What: All Issues : Making Government Work for Everyone, Not Just the Rich or Powerful : Campaign Finance Reform : HR 2356. Campaign Finance Reform/Vote on Republican Version of Bill Designed to Complicate Passage of Reform By Requiring Total Ban on Soft Money Which Would Adversely Impact State Political Parties and Stand Little Change of Passage in Senate. (2002 house Roll Call 19)
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HR 2356. Campaign Finance Reform/Vote on Republican Version of Bill Designed to Complicate Passage of Reform By Requiring Total Ban on Soft Money Which Would Adversely Impact State Political Parties and Stand Little Change of Passage in Senate.
house Roll Call 19     Feb 13, 2002
Progressive Position:
Nay
Progressive Result:
Win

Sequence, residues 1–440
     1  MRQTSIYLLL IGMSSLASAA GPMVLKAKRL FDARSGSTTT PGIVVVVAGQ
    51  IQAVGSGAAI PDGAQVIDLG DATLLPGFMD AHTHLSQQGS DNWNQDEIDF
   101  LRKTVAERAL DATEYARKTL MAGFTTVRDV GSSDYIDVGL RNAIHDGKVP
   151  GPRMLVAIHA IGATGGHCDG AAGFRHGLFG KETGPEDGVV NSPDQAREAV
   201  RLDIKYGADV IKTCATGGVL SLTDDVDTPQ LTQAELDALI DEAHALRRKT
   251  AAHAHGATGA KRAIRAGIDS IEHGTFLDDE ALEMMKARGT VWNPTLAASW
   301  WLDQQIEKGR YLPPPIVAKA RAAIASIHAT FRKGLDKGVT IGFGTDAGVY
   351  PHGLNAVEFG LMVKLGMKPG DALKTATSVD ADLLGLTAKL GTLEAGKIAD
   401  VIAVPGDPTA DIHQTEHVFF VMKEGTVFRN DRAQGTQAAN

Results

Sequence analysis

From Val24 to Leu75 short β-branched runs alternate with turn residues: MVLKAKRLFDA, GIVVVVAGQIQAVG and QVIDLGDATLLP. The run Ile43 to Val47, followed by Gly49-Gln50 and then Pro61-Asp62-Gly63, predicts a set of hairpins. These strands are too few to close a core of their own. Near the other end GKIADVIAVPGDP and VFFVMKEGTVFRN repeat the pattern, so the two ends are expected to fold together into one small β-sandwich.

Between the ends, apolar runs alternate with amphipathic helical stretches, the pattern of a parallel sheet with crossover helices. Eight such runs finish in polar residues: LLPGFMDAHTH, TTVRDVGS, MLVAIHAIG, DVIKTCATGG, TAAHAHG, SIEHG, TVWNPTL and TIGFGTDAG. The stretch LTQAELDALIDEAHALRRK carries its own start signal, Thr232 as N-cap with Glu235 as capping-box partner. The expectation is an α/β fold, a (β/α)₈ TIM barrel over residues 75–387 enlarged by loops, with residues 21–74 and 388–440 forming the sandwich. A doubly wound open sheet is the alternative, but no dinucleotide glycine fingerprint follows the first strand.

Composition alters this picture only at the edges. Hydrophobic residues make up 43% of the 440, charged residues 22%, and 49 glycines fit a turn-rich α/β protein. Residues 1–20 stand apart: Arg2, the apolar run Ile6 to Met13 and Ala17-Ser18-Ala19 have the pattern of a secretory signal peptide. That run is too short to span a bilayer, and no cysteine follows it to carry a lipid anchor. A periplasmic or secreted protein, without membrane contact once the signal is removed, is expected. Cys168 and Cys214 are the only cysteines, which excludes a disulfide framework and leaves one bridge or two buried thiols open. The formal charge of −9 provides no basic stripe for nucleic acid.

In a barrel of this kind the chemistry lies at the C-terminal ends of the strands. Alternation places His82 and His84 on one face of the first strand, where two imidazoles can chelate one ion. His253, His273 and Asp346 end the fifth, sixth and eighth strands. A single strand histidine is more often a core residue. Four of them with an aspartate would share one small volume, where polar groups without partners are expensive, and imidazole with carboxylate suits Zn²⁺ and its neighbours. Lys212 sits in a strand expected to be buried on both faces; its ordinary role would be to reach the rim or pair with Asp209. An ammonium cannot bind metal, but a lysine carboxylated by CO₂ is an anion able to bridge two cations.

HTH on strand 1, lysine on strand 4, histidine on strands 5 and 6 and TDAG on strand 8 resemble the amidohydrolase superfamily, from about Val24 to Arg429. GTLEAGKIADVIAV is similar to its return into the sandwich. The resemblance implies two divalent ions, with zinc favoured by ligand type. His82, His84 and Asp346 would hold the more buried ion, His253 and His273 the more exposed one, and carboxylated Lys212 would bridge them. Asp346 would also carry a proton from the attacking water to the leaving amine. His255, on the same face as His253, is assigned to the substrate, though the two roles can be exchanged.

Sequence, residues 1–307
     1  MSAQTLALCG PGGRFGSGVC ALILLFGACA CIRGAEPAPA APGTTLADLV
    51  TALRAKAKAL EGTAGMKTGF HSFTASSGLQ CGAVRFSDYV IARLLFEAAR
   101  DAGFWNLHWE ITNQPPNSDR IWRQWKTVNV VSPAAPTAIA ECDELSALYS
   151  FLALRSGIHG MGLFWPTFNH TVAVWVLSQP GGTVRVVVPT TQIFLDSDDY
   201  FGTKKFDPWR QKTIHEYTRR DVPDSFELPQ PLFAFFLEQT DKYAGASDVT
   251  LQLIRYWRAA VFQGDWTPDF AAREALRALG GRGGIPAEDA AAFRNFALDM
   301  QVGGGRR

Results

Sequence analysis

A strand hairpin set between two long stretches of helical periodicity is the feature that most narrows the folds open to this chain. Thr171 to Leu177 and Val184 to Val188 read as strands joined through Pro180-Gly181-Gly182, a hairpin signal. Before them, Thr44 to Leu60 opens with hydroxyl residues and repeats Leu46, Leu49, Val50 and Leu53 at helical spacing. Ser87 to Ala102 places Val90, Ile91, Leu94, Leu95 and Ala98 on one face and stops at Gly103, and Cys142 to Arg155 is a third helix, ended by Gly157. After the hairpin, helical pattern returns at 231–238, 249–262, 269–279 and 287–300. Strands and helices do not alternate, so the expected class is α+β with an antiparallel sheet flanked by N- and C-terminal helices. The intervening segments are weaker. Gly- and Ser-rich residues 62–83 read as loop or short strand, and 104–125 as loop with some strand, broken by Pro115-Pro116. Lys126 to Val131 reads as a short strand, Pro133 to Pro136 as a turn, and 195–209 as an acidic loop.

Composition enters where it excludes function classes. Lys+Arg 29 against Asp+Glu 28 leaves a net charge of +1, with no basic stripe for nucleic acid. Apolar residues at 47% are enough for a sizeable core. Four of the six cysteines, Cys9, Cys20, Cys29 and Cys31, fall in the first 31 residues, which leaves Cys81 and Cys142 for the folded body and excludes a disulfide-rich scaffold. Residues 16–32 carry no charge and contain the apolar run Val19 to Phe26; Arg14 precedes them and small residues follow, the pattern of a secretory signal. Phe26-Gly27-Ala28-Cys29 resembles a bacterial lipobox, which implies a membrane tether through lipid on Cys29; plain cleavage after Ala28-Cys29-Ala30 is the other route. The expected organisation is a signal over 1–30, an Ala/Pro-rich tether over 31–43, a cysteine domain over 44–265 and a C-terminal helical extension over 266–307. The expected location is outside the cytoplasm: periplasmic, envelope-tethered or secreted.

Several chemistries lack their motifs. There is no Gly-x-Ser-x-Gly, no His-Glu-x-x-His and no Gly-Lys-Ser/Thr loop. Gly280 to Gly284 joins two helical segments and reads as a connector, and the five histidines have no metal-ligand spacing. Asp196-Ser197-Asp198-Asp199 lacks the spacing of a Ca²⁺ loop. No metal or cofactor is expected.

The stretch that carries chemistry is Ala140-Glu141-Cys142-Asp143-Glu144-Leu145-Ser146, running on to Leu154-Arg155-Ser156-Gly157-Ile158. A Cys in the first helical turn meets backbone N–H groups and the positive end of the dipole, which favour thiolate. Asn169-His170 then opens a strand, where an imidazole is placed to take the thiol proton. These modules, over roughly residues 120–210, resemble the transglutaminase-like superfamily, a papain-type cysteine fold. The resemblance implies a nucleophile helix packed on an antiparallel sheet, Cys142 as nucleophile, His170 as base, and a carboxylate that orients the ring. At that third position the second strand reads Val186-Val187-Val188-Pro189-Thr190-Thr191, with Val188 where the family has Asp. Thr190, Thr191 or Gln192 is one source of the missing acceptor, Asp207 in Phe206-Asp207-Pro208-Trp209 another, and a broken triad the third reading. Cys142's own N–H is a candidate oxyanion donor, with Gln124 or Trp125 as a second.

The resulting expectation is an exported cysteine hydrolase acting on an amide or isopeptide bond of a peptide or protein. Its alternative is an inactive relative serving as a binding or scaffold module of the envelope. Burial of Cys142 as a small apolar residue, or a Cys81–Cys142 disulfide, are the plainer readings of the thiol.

During the 1990s, the political system had become awash in so-called "soft money": unrestricted donations from corporations and wealthy individuals that exploited a loophole in campaign finance laws. Soft money was originally intended for "party-building activities," but parties had begun to use it to support individual candidates. Reform had been proposed before, and a previous version of the reform bill was used a starting point for debate. Under the rules of debate, Republicans were permitted two "substitutes": wholesale replacements for the bill under consideration. This was the first of these substitutes, and the most dangerous for supporters of reform: a version that banned all soft money, not just soft money for national parties, and that even forbade state parties from using soft money donations for get-out-the-vote and voter registration drives. Progressives supported reform, so they opposed this substitute. The substitute would never have made it through the Senate, and it might not have made it through the House. This made a vote for it a vote against reform, because everyone involved understood it would undermine the larger effort to pass a bill. With Progressives voting "no," the substitute was rejected, 179-249.

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